Recently the private schedules of Donald Trump have been leaked.

In those files, at the end of each day there is some acronym RON placed. What does this stand for?


  1:30 PM          EXECUTIVE TIME
  (3hr, 30 min)    Location:        Oval Office

  RON:             The White House

Apparently that's a common (in government/Washington DC, anyway) scheduling acronym which stands for "remain overnight."

The globe-trotting secretary of state and globe-trotting former president each kept up frantic travel schedules, which meant they were often not in the same place at the same time — or even on the same continent. The calendars indicate where Hillary and Bill each spent the night: "RON," in Washington parlance, the acronym for "remain overnight."

On weekdays, the Clintons typically spent the evenings in their separate homes — Hillary in northwest Washington near her office at the State Department, and Bill in Chappaqua near his office in New York. But the Clintons spent a lot of time traveling the world. On March 17, 2010, the entry read: HRC RON En route Moscow/ WJC RON White Oak, FL. Other exotic RONs: HRC RON London, England/WJC RON Stockholm Sweden. HRC RON Abu Dhabi, UAE/WJC RON London, England. HRC RON Taj Palace Hotel, New Delhi, WJC RON Chappaqua, NY.

CNBC: What I learned reading 3721 Pages of Hillary Clinton's Schedule

  • 6
    London and Stockholm are exotic? – Jörg W Mittag Feb 12 at 6:40
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    @JörgWMittag Do you think they are not? I live in the dry, warm, eastern Spain and for me the (seasonal, I know) mental picture of a city made of several snow covered islands wouldn't look more exotic even if it had unicorns and fairies. Exotic is an adjective which comes with an obligatory "to whom". – Rekesoft Feb 12 at 11:10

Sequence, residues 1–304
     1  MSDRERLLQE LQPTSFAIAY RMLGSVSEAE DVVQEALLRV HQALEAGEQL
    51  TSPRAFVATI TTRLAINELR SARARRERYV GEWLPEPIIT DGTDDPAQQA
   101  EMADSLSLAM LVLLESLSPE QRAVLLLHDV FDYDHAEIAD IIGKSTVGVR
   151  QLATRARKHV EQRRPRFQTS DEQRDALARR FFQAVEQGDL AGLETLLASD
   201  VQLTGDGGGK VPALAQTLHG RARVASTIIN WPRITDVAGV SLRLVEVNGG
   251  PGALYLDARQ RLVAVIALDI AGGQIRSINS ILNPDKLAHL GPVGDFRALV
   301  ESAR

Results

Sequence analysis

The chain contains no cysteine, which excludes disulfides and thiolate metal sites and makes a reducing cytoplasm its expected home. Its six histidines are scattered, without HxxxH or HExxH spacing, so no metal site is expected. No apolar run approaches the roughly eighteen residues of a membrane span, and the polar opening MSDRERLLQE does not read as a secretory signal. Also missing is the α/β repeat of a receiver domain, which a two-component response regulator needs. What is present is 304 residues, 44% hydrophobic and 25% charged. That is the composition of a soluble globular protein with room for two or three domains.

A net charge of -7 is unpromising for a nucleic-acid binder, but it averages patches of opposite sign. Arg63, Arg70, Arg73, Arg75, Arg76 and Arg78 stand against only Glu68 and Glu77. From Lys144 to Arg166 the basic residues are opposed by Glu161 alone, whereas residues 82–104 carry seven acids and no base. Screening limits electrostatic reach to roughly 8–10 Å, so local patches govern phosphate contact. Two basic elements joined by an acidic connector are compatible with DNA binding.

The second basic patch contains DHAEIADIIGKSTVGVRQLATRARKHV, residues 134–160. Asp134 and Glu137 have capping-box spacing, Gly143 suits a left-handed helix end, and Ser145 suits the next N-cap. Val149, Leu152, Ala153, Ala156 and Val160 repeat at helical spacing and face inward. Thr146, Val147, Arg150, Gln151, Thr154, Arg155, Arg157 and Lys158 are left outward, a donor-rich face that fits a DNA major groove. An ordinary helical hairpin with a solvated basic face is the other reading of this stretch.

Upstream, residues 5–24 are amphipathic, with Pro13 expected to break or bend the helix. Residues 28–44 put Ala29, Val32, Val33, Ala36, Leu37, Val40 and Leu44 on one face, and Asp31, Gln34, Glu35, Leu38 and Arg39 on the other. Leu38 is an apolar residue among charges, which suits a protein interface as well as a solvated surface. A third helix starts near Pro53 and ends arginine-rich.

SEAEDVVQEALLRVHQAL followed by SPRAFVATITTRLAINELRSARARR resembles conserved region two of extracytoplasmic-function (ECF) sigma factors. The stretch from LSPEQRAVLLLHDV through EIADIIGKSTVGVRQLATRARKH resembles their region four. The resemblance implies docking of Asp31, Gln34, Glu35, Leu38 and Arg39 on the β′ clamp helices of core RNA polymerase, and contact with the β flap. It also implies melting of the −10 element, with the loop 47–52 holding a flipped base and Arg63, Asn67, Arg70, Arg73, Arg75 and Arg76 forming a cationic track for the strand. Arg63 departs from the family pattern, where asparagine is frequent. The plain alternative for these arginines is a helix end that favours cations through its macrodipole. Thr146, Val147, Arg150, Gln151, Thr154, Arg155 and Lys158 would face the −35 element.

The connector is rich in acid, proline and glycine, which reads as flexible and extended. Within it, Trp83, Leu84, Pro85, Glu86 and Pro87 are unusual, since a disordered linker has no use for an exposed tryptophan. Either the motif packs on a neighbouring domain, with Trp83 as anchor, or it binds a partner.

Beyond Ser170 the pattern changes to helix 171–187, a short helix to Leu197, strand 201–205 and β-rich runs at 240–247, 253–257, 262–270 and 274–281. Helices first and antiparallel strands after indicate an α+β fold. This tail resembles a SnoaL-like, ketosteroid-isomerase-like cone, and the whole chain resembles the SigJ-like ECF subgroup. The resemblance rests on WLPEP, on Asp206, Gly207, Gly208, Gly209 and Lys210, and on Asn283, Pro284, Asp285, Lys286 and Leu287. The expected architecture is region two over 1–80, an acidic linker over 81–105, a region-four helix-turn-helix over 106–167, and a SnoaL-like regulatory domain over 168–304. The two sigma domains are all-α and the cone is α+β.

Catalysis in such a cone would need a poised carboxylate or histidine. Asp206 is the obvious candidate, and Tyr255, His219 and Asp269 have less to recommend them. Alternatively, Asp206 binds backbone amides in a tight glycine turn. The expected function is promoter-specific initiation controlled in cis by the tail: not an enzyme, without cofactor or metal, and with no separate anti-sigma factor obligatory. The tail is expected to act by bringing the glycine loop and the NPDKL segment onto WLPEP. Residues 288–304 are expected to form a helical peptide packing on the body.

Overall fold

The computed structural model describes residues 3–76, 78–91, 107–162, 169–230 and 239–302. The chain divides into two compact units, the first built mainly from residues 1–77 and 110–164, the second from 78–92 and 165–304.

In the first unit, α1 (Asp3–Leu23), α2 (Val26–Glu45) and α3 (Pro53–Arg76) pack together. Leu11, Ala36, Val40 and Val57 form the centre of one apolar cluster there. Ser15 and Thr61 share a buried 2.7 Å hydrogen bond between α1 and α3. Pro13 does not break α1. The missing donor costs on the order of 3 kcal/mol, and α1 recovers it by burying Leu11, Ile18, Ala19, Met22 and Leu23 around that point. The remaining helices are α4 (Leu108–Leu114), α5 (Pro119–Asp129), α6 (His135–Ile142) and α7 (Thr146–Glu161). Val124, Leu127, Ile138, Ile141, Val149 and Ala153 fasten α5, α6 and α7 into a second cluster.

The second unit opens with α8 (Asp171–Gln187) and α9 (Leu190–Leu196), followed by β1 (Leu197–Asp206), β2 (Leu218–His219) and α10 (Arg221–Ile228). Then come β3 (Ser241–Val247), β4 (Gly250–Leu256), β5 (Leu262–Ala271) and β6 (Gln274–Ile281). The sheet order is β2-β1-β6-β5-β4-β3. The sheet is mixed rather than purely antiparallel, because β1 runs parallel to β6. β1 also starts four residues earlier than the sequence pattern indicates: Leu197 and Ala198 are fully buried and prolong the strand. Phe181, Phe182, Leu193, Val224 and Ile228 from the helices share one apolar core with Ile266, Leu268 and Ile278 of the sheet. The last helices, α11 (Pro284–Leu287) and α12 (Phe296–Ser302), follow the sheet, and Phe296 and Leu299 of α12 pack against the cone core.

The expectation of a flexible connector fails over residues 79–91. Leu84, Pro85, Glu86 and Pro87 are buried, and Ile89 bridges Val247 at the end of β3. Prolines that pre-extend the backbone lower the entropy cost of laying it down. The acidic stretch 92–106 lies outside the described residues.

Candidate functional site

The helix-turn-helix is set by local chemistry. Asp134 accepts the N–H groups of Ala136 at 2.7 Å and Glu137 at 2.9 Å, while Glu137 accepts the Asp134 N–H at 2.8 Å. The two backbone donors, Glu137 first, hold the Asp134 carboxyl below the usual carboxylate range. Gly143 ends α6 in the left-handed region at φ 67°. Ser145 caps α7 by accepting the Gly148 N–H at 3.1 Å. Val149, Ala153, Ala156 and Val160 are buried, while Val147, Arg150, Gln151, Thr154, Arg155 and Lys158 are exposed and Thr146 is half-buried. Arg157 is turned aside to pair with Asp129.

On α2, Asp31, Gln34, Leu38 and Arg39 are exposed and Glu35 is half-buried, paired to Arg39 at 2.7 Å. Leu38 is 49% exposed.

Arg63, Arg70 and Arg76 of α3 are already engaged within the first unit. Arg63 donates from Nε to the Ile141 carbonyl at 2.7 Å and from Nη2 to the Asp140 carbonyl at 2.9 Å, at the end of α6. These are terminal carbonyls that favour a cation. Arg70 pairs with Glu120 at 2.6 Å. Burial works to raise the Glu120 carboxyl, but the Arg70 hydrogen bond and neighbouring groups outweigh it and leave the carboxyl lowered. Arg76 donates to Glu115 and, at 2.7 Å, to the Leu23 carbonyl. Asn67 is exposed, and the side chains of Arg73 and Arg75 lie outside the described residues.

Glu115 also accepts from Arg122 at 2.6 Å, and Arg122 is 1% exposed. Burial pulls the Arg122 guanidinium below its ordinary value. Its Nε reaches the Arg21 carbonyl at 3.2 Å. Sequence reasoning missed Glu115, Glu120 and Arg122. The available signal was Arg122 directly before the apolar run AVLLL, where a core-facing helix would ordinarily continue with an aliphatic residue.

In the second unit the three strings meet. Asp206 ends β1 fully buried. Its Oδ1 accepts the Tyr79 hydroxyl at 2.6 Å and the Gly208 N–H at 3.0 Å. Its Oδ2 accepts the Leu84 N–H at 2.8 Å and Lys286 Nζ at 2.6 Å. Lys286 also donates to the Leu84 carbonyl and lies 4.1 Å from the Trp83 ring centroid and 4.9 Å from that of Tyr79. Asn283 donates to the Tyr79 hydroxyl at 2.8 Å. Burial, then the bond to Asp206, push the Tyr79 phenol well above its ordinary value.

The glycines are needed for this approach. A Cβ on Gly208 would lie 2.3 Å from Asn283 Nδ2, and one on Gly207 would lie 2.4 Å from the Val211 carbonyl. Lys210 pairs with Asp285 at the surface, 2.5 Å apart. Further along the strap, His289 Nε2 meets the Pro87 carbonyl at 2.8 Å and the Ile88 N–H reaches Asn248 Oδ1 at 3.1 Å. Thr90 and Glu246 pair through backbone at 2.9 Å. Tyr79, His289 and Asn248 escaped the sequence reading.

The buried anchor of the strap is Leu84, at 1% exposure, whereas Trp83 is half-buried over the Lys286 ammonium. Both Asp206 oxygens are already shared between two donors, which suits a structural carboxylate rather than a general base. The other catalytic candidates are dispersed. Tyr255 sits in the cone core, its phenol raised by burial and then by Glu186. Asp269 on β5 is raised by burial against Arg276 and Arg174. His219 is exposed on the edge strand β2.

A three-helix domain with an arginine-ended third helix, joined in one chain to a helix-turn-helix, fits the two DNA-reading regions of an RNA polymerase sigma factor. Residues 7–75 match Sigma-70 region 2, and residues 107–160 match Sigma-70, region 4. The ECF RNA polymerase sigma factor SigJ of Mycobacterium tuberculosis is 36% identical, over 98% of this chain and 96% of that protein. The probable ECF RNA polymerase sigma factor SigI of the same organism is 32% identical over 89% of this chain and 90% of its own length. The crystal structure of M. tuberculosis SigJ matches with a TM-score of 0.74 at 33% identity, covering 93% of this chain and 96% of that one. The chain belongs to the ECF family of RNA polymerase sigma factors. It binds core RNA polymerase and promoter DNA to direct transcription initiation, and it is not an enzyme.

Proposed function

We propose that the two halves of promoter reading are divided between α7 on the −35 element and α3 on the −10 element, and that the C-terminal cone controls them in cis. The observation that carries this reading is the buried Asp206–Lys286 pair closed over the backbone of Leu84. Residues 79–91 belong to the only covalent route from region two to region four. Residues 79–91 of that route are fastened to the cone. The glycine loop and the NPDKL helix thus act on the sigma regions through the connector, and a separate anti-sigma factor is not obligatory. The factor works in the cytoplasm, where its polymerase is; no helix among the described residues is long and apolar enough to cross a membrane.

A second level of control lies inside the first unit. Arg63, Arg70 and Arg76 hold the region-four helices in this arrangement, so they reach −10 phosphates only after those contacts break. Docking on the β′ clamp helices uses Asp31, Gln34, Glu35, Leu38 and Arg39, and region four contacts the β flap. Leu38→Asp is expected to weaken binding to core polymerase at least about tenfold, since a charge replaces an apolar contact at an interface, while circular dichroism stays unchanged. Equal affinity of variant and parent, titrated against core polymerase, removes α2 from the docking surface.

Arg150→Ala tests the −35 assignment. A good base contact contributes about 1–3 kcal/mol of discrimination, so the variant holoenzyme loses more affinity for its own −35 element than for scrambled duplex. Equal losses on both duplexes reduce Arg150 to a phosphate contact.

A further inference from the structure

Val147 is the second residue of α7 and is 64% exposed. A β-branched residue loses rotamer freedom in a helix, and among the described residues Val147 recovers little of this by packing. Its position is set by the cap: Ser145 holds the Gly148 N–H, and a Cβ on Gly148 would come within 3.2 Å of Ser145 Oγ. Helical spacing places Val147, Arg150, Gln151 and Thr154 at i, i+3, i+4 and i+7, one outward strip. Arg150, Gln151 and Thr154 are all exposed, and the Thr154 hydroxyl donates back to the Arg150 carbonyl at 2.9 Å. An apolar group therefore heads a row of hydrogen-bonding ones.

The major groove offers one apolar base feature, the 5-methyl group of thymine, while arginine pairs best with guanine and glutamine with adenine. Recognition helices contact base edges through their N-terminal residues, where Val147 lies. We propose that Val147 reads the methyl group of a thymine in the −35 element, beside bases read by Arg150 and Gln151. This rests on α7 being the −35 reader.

• @Rekesoft: The first definition I found listed "tropical" as a synonym. I can definitely attest that London is not tropical. I have never been to Stockholm, but I am pretty sure it isn't, either. I have now found other definitions that would indeed fit (e.g. "non-native"). – Jörg W Mittag Feb 12 at 11:44
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    @JörgWMittag :D :D :D I now understand you were puzzled before. "Tropical" as a synonym of "exotic" strikes me as a really odd definition, even if I'd find every tropical spot exotic. It says more about the cultural mindset of the author of the dictionary than about the word itself. I doubt that an english dictionary of synonyms made by a Delhi born linguist would list that entry. :D – Rekesoft Feb 12 at 11:51
  • 1
    @PoloHoleSet There's no need to be insulting. It's surprising because Canada is known as a place of harsh, cold, snowy winters, and England is not. – Mason Wheeler Feb 12 at 16:39

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